A shark detection AI system will be used by drones in Australia this summer to detect sharks and ensure greater protection for beach users. Edward Baran reports.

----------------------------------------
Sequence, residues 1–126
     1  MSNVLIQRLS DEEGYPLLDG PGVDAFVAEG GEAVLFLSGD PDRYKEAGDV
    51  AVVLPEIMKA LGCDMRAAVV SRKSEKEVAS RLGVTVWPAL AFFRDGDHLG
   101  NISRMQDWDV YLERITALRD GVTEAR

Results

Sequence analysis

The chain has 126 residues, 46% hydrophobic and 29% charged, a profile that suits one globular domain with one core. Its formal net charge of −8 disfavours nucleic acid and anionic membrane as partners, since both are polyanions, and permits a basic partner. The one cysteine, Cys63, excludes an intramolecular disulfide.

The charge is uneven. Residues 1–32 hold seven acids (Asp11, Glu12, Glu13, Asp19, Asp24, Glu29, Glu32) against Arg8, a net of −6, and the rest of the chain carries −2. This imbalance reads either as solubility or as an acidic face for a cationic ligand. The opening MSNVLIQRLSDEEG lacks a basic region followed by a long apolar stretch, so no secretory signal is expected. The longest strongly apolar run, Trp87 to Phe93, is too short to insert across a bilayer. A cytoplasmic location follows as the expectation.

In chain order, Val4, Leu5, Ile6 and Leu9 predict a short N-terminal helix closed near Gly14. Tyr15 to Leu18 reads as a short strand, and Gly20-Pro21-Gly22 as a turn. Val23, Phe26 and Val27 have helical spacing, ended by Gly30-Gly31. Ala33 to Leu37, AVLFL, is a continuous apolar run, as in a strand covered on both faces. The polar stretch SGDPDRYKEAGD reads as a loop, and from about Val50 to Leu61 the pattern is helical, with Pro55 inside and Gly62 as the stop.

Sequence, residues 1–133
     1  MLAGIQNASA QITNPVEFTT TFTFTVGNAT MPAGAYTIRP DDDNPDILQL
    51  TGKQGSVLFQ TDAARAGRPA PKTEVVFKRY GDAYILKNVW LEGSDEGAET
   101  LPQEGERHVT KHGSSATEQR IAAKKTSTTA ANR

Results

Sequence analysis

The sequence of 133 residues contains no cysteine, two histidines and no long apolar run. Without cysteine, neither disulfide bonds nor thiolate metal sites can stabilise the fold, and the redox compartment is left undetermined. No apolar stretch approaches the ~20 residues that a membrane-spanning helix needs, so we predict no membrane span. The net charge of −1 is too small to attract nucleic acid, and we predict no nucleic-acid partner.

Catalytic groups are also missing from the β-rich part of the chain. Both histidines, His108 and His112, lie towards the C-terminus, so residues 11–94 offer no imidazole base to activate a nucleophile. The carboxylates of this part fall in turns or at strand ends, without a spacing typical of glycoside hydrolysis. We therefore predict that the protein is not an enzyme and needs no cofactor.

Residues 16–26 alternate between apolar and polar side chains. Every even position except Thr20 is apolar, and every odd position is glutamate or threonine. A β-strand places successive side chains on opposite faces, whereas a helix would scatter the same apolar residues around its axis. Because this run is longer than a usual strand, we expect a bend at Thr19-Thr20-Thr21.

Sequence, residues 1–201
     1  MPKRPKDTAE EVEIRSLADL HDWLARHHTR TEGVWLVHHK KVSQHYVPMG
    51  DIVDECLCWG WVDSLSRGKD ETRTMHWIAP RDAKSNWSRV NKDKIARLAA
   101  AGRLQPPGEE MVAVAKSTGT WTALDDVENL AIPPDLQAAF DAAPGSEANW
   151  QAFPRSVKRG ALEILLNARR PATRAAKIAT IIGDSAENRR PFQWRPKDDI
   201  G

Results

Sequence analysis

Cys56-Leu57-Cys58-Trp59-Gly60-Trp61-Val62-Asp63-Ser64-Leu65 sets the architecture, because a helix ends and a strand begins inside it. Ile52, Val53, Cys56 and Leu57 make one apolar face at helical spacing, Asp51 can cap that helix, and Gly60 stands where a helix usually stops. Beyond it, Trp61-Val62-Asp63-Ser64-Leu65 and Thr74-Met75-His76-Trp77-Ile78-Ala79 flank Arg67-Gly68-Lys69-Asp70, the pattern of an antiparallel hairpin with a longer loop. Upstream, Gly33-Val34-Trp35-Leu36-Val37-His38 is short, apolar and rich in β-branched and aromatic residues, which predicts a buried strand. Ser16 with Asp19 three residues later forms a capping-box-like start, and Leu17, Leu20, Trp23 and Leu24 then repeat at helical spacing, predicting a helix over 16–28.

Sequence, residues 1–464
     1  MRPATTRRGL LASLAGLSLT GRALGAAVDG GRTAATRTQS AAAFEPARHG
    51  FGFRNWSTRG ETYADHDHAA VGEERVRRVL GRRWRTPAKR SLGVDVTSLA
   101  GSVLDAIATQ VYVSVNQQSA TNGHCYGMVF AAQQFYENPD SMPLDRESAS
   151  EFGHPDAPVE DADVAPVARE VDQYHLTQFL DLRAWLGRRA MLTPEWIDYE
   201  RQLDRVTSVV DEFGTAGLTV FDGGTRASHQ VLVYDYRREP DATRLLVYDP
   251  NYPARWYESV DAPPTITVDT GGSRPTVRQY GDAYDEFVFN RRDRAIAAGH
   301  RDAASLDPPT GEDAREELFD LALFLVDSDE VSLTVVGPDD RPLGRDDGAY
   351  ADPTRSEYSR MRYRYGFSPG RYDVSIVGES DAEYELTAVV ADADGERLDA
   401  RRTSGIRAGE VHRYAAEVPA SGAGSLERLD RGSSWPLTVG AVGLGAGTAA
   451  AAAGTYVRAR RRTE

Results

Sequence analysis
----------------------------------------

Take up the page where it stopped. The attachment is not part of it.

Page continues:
A shark detection AI system will be used by drones in Australia this summer to detect sharks and ensure greater protection for beach users. Edward Baran reports. STORY: How can you prevent a shark attack? Australian authorities may have an answer with this shark detection AI system. Next month it wil be sent out to various Gold Coast beaches to detect sharks and give greater protection to beach users. SOUNDBITE (English) RESEARCH ASSOCIATE, UNIVERSITY OF TECHNOLOGY SCHOOL OF SOFTWARE, DR NABIN SHARMA, SAYING: "Studies have shown that human accuracy with shark detection from aerial images are around between 20 to 30 per cent max. Whereas if a computer does that in an automated way, which we have already achieved an accuracy of more than 90 per cent." In 2016, the University of Technology Sydney began developing shark-spotter software with drone company Little Ripper. It uses AI to examine live video to identify sharks. The algorithm can distingush between marine creatures and surfers, swimmers or boats, tagging sharks in real time. When a shark is detected a megaphone on the drone gives an overhead warning It can even drop emergency packs containing rafts and a defibrillator. SOUNDBITE (English) CO-FOUNDER OF LITTLE RIPPER GROUP, DR PAUL SCULLY-POWER, SAYING: "We drop a life raft, which is a four person life raft. It also has an EPIRB, which is one of these things that talks to a satellite and says 'help, please help me I'm here'. We're developing a electronic shark repellent, so if there's a shark present, it stops the shark from attacking." In the past two years, 14 shark attacks were reported in the region, killing two people.